July has snuck up on us and while it is still very early days a little bit of life has sprung back into the store cattle market as a relatively mild June brings farmers closer to the promise of spring despite few regions having any significant rain till recently.
But, as the very cold temperatures and wet paddocks have been kept at bay, full use of supplementary feed and crops has given farmers a bit of breathing room.
Like the grass, sales typically get a spring flush in August and sellers tend to target selling around that time. But promising outlooks and early improvements in store cattle markets have seen many choose to offload earlier. One of the reasons there has been a recent lift in competition was that buying through the autumn was thwarted because of low rainfall, meaning some delayed entering the market till recently. Sales on the western side of the North Island, such as Frankton and Taranaki, have been noted for both larger-than-usual entries for the time of year and improved markets.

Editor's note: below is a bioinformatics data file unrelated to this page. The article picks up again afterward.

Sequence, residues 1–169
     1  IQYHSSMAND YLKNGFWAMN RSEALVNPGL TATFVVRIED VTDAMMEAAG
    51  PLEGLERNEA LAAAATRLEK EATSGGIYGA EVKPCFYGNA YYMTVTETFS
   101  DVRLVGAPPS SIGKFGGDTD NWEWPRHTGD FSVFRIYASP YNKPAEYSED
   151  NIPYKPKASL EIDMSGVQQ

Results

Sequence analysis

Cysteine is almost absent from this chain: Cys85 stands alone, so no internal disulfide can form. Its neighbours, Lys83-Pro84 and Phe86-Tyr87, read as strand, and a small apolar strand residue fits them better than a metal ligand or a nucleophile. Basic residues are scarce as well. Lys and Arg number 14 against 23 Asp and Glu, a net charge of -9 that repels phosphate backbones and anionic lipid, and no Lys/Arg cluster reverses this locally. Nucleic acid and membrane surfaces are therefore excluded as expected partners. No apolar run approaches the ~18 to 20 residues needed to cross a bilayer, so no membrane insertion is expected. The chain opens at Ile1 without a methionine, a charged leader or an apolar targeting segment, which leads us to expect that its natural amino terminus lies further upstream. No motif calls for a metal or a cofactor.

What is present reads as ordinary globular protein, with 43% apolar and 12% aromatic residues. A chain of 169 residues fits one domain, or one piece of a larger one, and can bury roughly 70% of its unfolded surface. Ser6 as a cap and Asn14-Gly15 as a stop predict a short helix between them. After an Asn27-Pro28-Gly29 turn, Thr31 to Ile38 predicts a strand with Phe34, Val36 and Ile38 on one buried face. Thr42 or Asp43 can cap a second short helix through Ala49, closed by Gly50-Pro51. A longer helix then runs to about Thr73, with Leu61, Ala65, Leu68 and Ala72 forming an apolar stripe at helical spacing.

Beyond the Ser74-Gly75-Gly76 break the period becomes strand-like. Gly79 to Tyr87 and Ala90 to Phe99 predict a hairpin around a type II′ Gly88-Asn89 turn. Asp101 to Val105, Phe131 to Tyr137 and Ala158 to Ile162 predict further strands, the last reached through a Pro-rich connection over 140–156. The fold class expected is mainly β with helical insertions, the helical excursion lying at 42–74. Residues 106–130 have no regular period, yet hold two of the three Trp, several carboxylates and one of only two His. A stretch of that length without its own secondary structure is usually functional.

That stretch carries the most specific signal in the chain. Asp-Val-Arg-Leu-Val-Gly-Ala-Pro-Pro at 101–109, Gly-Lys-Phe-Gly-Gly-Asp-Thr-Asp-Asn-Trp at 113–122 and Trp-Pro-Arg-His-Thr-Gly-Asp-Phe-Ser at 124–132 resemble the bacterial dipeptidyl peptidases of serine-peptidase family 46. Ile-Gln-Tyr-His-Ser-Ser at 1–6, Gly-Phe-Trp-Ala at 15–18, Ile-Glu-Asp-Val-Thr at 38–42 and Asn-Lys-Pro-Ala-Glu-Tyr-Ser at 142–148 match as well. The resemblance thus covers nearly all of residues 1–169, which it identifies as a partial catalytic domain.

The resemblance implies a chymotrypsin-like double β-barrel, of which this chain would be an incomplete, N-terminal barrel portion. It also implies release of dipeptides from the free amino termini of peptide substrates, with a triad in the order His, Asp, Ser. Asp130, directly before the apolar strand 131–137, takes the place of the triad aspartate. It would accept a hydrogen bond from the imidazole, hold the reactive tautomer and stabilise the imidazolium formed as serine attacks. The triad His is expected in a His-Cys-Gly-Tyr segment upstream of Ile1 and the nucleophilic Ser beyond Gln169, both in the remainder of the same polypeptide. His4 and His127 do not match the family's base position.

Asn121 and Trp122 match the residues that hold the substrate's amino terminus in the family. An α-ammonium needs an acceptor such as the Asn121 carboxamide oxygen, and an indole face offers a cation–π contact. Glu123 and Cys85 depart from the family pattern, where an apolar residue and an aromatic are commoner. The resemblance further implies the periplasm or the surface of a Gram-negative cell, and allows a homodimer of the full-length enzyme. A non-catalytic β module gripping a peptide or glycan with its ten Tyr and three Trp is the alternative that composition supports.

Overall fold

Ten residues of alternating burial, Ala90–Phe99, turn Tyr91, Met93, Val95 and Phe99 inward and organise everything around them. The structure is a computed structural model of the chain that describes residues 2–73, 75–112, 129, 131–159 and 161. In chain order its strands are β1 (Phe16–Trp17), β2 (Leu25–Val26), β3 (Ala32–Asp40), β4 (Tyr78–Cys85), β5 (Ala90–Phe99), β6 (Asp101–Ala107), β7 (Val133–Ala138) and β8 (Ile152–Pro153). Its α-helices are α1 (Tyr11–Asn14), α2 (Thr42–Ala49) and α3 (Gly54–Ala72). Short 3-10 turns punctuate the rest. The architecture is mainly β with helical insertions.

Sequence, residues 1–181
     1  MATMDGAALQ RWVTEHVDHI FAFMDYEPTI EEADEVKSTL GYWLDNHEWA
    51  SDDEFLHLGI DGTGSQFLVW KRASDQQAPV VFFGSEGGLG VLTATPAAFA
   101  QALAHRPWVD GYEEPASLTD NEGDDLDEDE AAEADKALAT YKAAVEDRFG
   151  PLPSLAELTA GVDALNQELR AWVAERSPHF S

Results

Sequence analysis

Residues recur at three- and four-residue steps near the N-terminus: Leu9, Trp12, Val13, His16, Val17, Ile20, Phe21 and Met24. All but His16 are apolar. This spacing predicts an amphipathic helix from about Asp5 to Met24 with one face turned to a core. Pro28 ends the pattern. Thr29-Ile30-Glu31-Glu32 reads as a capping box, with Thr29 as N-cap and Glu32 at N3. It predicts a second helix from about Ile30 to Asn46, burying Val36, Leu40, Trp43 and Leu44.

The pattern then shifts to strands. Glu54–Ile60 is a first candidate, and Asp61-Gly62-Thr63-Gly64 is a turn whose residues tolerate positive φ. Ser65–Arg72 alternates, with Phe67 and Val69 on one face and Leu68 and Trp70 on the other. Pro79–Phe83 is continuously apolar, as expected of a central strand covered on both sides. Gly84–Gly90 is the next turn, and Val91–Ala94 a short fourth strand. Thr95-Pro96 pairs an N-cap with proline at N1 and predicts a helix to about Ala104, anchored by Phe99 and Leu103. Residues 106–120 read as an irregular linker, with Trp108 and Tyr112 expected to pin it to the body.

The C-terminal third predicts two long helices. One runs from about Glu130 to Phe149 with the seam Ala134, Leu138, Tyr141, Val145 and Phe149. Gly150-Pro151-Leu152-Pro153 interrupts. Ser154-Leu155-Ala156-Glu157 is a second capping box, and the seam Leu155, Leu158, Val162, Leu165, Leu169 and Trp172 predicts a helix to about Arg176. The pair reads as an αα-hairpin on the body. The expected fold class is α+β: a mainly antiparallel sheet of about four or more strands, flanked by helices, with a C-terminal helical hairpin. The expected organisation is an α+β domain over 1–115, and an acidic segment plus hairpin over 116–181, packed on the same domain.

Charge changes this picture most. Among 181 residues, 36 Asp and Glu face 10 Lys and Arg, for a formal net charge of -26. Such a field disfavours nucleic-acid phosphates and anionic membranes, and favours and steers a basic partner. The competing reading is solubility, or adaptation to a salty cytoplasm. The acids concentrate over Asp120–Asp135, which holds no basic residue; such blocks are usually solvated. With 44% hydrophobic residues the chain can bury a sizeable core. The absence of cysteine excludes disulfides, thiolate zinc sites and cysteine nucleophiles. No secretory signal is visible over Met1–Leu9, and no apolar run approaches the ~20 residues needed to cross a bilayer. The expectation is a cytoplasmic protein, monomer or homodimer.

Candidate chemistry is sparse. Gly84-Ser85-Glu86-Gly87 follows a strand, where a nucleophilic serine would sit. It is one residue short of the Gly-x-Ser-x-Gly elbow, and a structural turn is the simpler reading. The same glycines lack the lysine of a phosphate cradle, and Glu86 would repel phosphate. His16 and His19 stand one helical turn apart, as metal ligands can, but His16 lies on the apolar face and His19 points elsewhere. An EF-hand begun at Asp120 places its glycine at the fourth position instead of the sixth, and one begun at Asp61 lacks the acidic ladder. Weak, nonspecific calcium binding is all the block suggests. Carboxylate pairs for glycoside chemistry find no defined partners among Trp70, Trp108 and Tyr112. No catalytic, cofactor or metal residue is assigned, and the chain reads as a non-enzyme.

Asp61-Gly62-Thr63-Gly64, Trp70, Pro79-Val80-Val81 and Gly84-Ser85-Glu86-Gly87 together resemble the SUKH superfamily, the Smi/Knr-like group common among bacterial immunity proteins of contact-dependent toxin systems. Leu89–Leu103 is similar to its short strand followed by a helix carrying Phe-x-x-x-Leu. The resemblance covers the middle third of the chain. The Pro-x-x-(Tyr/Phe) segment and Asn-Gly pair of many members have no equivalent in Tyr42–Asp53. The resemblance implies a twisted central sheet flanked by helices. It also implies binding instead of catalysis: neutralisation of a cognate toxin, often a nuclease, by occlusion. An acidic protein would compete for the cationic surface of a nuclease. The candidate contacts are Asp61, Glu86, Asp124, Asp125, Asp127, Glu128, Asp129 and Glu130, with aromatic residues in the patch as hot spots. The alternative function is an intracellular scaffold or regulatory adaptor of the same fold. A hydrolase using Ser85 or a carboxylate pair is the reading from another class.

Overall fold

Frankton was a good example as volume blossomed to 800 store cattle in the last week of June. That was, in part, driven by the end of the financial year but the attraction of a firming market noted over the weeks before made it an easy decision. The boost in volume attracted more outside buyers, making it a successful day at the office for vendors. That week the better quality R2 Hereford-Friesian steers sold at $3-$3.05/kg with the odd top line up to $3.25/kg. Top quality heifers of the same breed also reached $3-$3.01/kg. While last week’s market was more subdued as the best of the steers made $2.84-$2.95/kg and heifers, $2.80-$2.90/kg there is still promise of prices to come if those levels can be reached this early in the season.
As is always the case, though, bidding at all yards is still selective and there are always those cattle that are attractive to a very limited audience. Horns on the dairy-beef lines, in particular, are a big issue and can be responsible for a big discount.